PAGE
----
Afghanistan war: US to shed combat duties sooner
US troops will hand off responsibility for military operations to the Afghans in the spring, President Obama and Afghanistan President Hamid Karzai announced Friday. That represents a modest acceleration from earlier plans.
US and other foreign troops in Afghanistan will turn over full responsibility for military operations to Afghan forces sometime this spring, a move that represents a modest acceleration from earlier plans – and which is aimed in part at painting a picture of progress in the 11-year-old war.
President Obama announced the imminent completion of the transition to full Afghan leadership in providing the country’s security at a joint White House press conference with Afghan President Hamid Karzai Friday afternoon.
Mr. Obama did not state outright that the acceleration from NATO’s previous plans to turn over the lead in military operations by mid-2013 would mean a similar acceleration in the drawdown of the 66,000 US forces in Afghanistan. But he said progress in the capabilities of Afghan security forces means US troop levels will continue to fall “at a steady pace.”
“What we’ve seen is that the Afghan soldiers are stepping up,” Obama said, adding that this would allow US and other NATO forces to shift to a “training, assisting, and advising role.”
Mr. Karzai, who has been in Washington since Tuesday meeting with administration officials and congressional leaders, underscored successful outcomes on two priorities he had set for his US visit: Foreign troops will soon be largely out of Afghan villages – a sore spot for many rural Afghans – now that Afghans are taking the lead in military operations, and Afghan authorities will soon assume control of Afghan detainees and detention facilities.
Karzai said resolution of those two sensitive issues allows him to make the case to the Afghan people concerning the US conditions for keeping its forces in Afghanistan after NATO departs in 2014 – including full legal immunity from Afghan prosecution for US forces remaining in the country.
Obama gave no hint of the number of troops he is inclined to leave in Afghanistan after 2014, but he described their eventual mission in limited terms, saying any long-term American force would focus on two core goals: training Afghan forces, and carrying out counterterrorism operations aimed at “Al Qaeda and its affiliates.”
“That is a very limited mission, and it is not one that would require the same kind of footprint we’ve had over the last 10 years in Afghanistan,” Obama said. Administration officials say a White House debate on any residual force in Afghanistan has shifted over recent weeks toward the lower end of a range of between 2,500 and 10,000 troops – already lower than the 6,000-to-20,000 range the US commander in Afghanistan, Gen. John Allen, has proposed.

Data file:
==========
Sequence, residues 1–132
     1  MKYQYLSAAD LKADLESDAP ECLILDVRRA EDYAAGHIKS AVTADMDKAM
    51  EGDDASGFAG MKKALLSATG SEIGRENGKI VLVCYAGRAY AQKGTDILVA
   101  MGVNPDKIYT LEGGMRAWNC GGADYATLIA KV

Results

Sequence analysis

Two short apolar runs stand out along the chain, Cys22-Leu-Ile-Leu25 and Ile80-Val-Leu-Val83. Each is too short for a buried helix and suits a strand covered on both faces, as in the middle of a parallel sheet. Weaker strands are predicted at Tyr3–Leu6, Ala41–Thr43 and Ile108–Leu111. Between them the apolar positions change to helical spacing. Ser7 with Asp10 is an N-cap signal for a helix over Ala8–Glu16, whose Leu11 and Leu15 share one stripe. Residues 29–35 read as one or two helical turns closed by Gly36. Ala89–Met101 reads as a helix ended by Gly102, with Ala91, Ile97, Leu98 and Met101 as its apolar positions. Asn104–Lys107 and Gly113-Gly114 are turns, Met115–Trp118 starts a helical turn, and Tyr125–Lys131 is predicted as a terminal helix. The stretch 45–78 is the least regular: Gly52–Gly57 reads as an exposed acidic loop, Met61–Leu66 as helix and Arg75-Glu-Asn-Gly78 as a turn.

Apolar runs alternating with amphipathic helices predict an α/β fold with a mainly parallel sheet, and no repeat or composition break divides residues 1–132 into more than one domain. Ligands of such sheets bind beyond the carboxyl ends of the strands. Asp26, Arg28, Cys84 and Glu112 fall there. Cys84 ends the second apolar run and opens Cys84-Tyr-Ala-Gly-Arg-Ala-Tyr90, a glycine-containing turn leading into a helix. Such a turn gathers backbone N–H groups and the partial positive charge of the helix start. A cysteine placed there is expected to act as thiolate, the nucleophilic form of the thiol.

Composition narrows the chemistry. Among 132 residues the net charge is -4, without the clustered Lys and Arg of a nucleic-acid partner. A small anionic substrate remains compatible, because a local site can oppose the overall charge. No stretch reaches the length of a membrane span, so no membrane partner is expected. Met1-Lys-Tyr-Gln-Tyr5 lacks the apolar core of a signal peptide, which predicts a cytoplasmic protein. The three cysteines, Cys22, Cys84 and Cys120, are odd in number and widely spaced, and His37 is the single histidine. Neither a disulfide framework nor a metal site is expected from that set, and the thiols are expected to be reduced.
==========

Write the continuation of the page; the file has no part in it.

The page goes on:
The lowest White House numbers are also well below the size of a US force that Karzai was expecting to see remain in his country, according to former US diplomats and military officials who have recently been to Afghanistan.
The two leaders did not mention Pakistan in a joint statement they issued. But the statement, in a section on the “regional environment,” underscored “the important role of the region in supporting Afghanistan’s progress toward stability and prosperity.” In that phrase, “the region” is largely a stand-in for Pakistan, which allows its territory along the Afghan border to provide refuge to both the Taliban and the Al Qaeda leadership – and which both countries see as key to Afghanistan’s prospects for emerging from a decade of conflict.
Beyond that, the US is acknowledging that it has its sights set on Pakistan when it says that one of the two objectives of a residual US force in Afghanistan would be to keep up the fight against Al Qaeda, since Al Qaeda is across the border in Pakistan’s tribal areas.
Karzai’s visit coincided with a sharp uptick in US drone strikes on militant targets in Pakistan.
At the press conference, Obama did address the existence of “safe havens” for terrorists in Pakistan, noting that everyone, including the Pakistanis, have an interest in “reducing extremism in the border areas.”
Asserting that Afghanistan and Pakistan face common challenges and, as neighbors, a common future, Obama said it is “very hard to imagine stability and peace in the region if Pakistan and Afghanistan don’t come to some basic agreement and understanding about the threat of extremism to both countries and both governments and both capitals.”